My daughter is home this weekend. Along with her dog Lily, who will forever be LL Cool Dog in my eyes, my daughter is home. I haven’t seen her in a month. During their college years, I have gone months – as in plural – without seeing both my children as they chose colleges five or more hours away. But now, since Peter’s death, it hurts more to go without seeing them, and it hurts when they leave.
I cried when she came in the door. I released those deep, from-the-gut sobs. I couldn’t help it. I needed her. I needed her in the desperate sense. Since Peter died, I feel as if our family is fractured. This weekend, physically, we are together, only with a missing piece.
As I wrote once before, we were a close-knit bunch of four, doing everything together, sharing everything, leaving nothing unspoken between us. We didn’t keep secrets from each other and we shared love, the unconditional, to our soul kind of love. And we enjoyed each other and had fun together. Now there’s three and it remains the same, but the fun has been taken. With one swift move of truck front bumper meeting Peter’s side, it was all taken. I am starting to see glimpses of some normalcy, although, with Peter gone from our lives, our once-was normalcy will never return. And that hangs between us like a rain cloud ready to burst.
My daughter and I are particularly close. Don’t get me wrong, I love my son as much as my daughter. I do. But my daughter and I? Well, she reminds me so much of Peter. Outwardly, she’s me – looks like me, talks like me, has my anxiety (she’s welcome), and has my chattiness (let’s call it that, okay?). Like me, she has the ability to use this chattiness in any situation with any person. It is a gift. But on the inside, she’s Peter.
She has his let-sort-this-out approach to situations, to life. She’s a thinker, rather than a feeler when it comes to decisions, and she’s not one to show her emotions as easily. Sure, she shows them more often than Peter did, but so much less than me. She keeps cards close to her chest like her dad. Since Peter’s death, she has also has taken on the oldest of the family role and wants to help wherever she can because that’s the way she rolls, that’s the way she heals.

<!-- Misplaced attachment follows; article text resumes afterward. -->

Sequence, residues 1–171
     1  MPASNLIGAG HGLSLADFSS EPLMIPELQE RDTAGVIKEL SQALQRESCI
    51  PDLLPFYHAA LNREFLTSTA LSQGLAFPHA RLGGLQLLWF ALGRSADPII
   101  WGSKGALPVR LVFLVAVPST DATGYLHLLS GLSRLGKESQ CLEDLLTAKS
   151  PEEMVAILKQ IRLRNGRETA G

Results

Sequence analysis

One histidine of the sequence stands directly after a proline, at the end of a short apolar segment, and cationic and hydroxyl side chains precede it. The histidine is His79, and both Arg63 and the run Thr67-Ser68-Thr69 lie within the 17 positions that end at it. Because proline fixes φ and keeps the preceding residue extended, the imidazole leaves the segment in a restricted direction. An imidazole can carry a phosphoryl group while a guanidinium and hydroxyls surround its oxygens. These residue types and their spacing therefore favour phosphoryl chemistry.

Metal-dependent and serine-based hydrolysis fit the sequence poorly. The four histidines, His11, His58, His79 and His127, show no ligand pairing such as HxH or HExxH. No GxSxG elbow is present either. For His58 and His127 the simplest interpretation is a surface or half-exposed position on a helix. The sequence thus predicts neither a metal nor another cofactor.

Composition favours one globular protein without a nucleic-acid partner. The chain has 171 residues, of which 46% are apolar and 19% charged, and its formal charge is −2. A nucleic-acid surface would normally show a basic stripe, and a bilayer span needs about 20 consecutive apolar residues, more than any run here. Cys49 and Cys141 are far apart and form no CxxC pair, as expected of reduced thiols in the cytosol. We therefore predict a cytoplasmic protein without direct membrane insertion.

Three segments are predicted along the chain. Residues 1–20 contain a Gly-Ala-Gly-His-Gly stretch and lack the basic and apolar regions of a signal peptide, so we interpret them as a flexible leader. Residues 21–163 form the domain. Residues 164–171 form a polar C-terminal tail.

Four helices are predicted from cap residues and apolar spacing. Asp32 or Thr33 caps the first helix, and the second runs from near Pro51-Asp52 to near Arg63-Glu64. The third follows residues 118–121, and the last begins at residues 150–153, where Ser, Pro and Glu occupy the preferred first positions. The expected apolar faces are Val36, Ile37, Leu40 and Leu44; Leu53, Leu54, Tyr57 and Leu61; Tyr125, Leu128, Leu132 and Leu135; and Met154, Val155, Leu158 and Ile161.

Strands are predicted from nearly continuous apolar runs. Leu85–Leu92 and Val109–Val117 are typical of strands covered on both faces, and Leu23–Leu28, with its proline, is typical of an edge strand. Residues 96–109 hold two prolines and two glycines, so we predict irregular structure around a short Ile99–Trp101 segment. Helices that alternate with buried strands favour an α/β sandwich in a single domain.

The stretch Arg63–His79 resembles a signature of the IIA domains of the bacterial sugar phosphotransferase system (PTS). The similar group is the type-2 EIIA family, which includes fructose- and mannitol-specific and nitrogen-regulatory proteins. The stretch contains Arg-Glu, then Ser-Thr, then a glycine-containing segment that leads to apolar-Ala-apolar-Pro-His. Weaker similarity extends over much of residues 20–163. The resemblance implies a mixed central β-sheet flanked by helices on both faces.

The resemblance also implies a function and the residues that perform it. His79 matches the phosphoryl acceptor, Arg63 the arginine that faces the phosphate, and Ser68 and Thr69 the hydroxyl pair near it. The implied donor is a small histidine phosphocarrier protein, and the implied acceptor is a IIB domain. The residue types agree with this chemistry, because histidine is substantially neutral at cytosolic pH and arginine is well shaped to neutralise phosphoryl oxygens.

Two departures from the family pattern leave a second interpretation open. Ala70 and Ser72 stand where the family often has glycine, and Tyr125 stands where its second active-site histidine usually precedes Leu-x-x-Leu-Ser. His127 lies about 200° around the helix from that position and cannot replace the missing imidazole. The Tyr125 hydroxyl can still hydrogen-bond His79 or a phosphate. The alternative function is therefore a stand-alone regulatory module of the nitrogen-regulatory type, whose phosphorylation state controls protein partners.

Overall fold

My daughter described herself as an Oreo cookie. The black crunchy part is me, and the creamy inside is Peter. And maybe, especially now, missing Peter, I am drawn to her creamy inside. I need her creamy inside. I need to see Peter in her. I want to see Peter.
We stayed up until midnight talking, about cars, feelings, and eventuallys. We cried, smiled – not really laugh – played with LL Cool Dog and revealed our souls. Of course, I held back some. I tend to do hold back with my kids since Peter died. They need to heal and they can’t take on my grief while trying to deal with their own. It’s the Momma Bear in me. I did share some though. I mean, she does know I’m grieving. And I am sure she held back some from me. Both of the kids have been protective of me that way. I guess it’s a Dudak-Tobolski trait, making certain we don’t overly burden the other with our own grief. Maybe that’s just how this close-knit family of three rolls now.
My daughter asked me something last night. She asked, if I had to do it all over again with Peter, knowing the outcome down the line, and the pain the outcome it would bring me, would I? Without a beat of hesitation, I said yes. I said yes because, without him, I wouldn’t have her and her brother which would be a loss to me and this world. I said yes because, with Peter and our perfectly flawed marriage, I found my life’s completeness since he made me whole. And, I said I would take the pain over and over and over again because my pain only means I loved him, love him, and this was a true blessing, one not everyone is gifted. So, yes, I told her, I would do it all over again, a million times over again.
My daughter and LL Cool Dog came home for the weekend yesterday. My daughter, the person-from-my-soul, came home and right now, this morning, there is a peace, there is a certain contentment, there is a part of Peter, home.